No.9 seed Ons Jabeur kept her winning streak going in dramatic fashion, saving a match point and reaching her second consecutive WTA 1000 final with a 6-4, 1-6, 7-5 victory over Daria Kasatkina in the Internazionali BNL d'Italia semifinals on Saturday.
Last week’s Madrid champion Jabeur fired a forehand winner on the sideline to erase Kasatkina’s match point at 5-4 in the third set. Jabeur went on to extend her career-best run to 11 straight match-wins with the 1-hour and 55-minute triumph in Rome.
"Very happy to back that other final in Madrid," Jabeur said afterward. "It's never easy to play [Kasatkina]. I know this surface kind of suits her very well because it's slow and she likes it. She was playing really well this week. It was a tough one for me not being 100 percent there. Pretty glad that I got the win and finals again."
Jabeur meets Swiatek in final: Somebody's winning streak will come to an end in Sunday’s final, where Jabeur will face World No.1 Iga Swiatek. Defending champion Swiatek defeated Aryna Sabalenka in the earlier semifinal to notch her 27th straight victory.
Jabeur has won two of her three meetings with Swiatek. Swiatek won their first match in 2019, but Jabeur has won the last two, including at Wimbledon last year. This will be their first meeting on clay.
Clay-court mastery: Jabeur has won her last four meetings with Kasatkina, after dropping their first two. Jabeur has won each of her clay-court showdowns with Kasatkina, which both came this year. Jabeur topped Kasatkina in straight sets on the indoor clay of Stuttgart last month.
The victory continues a brilliant season for Jabeur on the dirt. She has won 17 clay-court matches this season, which leads the tour. Jabeur is also the first player to reach three clay-court finals on tour in a single season since Simona Halep in 2017.
Jabeur is now a win away from becoming only the third player to win the titles at both Rome and Madrid in a single year, after Dinara Safina in 2009 and Serena Williams in 2013.
"I knew that physically I could handle anything," said Jabeur. "Believing that I could play even four weeks in a row, I can do it. I am exhausted, yes, but it's part of my job. It's going to help me push more tomorrow. There is only one match left. I gave it all from the first round, now I should really continue giving my best."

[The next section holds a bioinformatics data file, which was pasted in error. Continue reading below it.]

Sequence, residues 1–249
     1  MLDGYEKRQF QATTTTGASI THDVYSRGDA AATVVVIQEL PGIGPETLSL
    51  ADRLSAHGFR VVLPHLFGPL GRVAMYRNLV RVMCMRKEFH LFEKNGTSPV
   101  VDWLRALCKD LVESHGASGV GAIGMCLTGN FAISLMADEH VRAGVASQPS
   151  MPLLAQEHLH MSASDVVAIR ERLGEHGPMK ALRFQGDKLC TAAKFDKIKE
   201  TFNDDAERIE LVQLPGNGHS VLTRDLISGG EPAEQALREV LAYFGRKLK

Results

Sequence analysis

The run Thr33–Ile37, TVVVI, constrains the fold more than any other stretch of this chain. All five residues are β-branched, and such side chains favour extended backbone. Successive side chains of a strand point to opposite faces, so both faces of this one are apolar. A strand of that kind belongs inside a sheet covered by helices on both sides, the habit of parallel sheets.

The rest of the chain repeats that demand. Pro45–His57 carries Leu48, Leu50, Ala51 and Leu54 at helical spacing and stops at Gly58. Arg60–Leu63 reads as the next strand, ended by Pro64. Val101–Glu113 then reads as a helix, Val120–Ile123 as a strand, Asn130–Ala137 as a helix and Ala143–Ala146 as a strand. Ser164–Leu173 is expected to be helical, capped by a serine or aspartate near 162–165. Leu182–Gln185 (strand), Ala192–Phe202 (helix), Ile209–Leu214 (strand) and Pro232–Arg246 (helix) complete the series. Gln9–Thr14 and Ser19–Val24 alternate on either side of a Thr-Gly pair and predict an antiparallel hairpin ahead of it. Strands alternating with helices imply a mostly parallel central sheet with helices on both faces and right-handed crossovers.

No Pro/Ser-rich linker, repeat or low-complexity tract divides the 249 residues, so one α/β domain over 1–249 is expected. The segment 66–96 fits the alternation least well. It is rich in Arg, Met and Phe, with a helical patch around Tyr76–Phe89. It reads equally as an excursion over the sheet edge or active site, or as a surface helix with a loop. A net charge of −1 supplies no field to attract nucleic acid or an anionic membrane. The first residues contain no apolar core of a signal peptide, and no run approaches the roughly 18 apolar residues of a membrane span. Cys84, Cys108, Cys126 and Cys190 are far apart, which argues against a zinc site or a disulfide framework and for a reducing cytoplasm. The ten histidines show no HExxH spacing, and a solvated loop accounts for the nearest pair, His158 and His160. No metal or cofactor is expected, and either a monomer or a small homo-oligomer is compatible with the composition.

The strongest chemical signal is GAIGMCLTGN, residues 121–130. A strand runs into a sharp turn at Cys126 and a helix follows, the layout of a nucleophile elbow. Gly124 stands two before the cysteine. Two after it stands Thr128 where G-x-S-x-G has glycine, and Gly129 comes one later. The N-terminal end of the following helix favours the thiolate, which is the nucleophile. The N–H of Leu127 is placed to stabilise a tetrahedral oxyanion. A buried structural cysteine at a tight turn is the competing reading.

Tale of the match: Jabeur is now 21-0 this season when she wins the first set. The victory was also the first time since 2013 that Jabeur has won a match after saving match point.
"It means a lot to me, especially mentally, that I could come back from a match point and prove that I did that today," Jabeur said. "Hopefully I can keep being stronger mentally, because I know [the final] tomorrow is all about mental."
At 4-4 in the opener, Jabeur slammed a forehand winner to earn a crucial break and serve for the set. Jabeur was forced to save two break points in that game, but she held on, taking the one-set lead with 16 winners.
Kasatkina regrouped in the second set, using her stellar defense and taking advantage of untimely drop shot errors by Jabeur. Kasatkina broke Jabeur twice in the set as she leveled the clash.
Jabeur missed out on her first seven break points in the third set, but she broke Kasatkina for 4-2 with a forehand winner at the end of a long rally. However, Kasatkina surged back again, winning more all-court rallies to reel off three straight games and serve for the match at 5-4.
But the forehand winner by Jabeur on match point in that game spurred on the No.9 seed, and she broke for 5-5 with another winner on the sideline, this time a drop shot.
"I have no idea what happened that game," Jabeur said during her press conference.
One thing is for certain: Jabeur grabbed the last three games of the match, completing her comeback with one final drop shot winner.